This essay compares Aby Warburg’s and Walter Benjamin’s exemplary versions of the Baroque. It examines Warburg’s ambivalent, episodic, but demonstrably crucial attempts to make sense of the Baroque style in light of his cardinal concepts of the pathos formula and the ‘prudence’ that he prizes in the artist and ‘cultural scientist’. It thus also considers the agency and ‘anachronism’ of the Baroque artwork. Then the essay turns to how Benjamin’s Origin of the German Tragic Drama appropriates Warburg’s and the Warburg Circle’s writings to help construct an allegorical, but similarly recursive Baroque. Warburg and Benjamin, it contends, are both keen to redeem the Baroque; but Benjamin does so by plumbing the very daemonic depths that Warburg prudently eschews.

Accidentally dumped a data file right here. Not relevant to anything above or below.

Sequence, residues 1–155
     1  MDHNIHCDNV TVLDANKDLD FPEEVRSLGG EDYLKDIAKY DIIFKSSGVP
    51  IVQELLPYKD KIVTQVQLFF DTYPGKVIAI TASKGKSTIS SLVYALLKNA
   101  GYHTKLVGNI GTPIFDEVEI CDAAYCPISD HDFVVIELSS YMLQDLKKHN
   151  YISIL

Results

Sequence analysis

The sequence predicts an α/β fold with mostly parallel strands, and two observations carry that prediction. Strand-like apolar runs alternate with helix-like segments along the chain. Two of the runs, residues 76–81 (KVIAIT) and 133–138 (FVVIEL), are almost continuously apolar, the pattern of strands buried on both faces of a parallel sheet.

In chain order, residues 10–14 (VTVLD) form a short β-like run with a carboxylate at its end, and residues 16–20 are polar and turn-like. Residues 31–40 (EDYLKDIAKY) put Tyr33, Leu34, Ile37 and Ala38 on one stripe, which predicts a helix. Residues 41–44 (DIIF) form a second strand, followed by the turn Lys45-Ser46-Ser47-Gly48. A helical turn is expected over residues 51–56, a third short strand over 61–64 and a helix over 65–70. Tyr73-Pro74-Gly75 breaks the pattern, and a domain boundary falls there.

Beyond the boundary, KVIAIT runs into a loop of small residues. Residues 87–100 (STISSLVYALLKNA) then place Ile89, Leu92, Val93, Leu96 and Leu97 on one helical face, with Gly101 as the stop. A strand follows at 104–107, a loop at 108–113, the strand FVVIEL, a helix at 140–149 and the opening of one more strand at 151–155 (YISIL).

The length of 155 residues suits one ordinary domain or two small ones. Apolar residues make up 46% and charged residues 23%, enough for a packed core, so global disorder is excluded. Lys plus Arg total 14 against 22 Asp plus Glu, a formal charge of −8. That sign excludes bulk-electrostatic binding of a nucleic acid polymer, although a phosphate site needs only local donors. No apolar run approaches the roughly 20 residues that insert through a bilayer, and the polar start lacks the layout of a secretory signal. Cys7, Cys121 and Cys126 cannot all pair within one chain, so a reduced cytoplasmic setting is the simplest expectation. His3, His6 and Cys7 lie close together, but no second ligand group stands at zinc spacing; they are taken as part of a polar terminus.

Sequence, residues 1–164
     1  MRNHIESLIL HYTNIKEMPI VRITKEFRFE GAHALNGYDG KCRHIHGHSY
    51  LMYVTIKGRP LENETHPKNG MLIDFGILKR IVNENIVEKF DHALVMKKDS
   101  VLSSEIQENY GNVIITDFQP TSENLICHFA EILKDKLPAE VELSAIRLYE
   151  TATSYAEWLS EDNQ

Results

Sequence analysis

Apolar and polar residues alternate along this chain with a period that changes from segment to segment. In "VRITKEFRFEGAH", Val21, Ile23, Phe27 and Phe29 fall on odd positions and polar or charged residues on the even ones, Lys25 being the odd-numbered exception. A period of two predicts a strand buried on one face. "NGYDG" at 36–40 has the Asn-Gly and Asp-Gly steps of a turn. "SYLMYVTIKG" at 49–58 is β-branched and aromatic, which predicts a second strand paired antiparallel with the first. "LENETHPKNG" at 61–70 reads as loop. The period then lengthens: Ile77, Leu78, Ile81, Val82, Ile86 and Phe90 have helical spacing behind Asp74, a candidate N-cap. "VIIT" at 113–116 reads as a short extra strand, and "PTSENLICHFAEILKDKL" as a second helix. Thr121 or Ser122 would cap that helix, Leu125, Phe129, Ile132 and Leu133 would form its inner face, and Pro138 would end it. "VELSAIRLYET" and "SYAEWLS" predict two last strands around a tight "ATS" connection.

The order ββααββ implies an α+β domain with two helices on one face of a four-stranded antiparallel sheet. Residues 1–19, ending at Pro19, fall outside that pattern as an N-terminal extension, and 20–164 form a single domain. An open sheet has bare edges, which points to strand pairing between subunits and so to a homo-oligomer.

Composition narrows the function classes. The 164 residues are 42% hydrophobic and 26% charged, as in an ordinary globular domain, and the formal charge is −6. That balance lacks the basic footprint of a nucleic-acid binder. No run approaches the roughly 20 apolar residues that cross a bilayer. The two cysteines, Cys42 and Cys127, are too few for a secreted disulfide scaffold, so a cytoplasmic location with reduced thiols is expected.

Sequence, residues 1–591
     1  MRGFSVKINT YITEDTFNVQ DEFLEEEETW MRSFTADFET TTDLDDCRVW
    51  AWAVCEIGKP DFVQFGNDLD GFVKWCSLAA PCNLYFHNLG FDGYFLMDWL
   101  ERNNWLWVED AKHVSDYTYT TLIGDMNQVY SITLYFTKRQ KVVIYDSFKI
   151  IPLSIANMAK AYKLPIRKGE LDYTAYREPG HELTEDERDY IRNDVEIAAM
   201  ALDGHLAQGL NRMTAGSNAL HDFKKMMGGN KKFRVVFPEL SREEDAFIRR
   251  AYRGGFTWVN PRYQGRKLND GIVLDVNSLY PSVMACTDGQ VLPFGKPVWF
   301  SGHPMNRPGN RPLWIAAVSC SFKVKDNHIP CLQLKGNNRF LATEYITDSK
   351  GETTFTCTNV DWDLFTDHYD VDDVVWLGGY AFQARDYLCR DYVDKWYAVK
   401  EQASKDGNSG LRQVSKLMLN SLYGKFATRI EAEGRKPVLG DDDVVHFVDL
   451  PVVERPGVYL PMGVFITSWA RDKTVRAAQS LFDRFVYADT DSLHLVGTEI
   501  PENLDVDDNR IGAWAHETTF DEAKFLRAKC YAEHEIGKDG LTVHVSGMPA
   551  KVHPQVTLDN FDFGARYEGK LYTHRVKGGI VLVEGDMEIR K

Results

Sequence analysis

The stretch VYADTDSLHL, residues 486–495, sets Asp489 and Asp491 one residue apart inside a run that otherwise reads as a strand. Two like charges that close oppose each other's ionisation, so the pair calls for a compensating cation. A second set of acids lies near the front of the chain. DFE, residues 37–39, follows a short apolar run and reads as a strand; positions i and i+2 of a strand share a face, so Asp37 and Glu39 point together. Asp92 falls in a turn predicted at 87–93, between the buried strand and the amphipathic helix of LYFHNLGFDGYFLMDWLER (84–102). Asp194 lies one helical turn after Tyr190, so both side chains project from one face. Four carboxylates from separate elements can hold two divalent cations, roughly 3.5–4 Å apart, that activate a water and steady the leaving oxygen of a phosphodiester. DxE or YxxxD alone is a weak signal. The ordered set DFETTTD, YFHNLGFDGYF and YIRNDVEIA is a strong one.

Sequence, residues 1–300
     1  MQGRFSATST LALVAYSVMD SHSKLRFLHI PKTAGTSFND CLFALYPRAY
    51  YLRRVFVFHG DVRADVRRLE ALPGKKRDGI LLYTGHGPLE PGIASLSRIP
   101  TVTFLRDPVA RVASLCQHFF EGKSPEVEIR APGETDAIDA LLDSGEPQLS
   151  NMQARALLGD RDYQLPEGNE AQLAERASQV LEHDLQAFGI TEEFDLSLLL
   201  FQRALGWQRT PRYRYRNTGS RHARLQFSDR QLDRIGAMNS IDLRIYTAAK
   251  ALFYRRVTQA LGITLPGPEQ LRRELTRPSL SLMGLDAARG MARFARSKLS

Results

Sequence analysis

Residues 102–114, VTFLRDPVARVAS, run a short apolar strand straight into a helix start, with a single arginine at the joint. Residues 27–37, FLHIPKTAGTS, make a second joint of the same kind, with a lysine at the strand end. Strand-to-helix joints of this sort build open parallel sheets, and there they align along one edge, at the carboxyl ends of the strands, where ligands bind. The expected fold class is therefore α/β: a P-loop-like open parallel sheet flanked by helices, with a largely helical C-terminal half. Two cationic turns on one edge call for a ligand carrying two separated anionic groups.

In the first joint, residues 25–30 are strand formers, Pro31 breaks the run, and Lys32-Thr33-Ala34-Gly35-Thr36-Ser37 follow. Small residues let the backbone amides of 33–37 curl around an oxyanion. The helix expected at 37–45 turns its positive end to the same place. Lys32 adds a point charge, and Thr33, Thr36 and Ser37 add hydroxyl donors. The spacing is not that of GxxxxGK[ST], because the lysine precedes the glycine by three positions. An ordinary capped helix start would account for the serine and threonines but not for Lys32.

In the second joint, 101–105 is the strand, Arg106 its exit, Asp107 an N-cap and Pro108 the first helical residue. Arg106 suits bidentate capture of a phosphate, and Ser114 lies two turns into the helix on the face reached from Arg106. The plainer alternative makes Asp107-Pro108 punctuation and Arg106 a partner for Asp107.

ASJC Scopus subject areas
- Cultural Studies
- Sociology and Political Science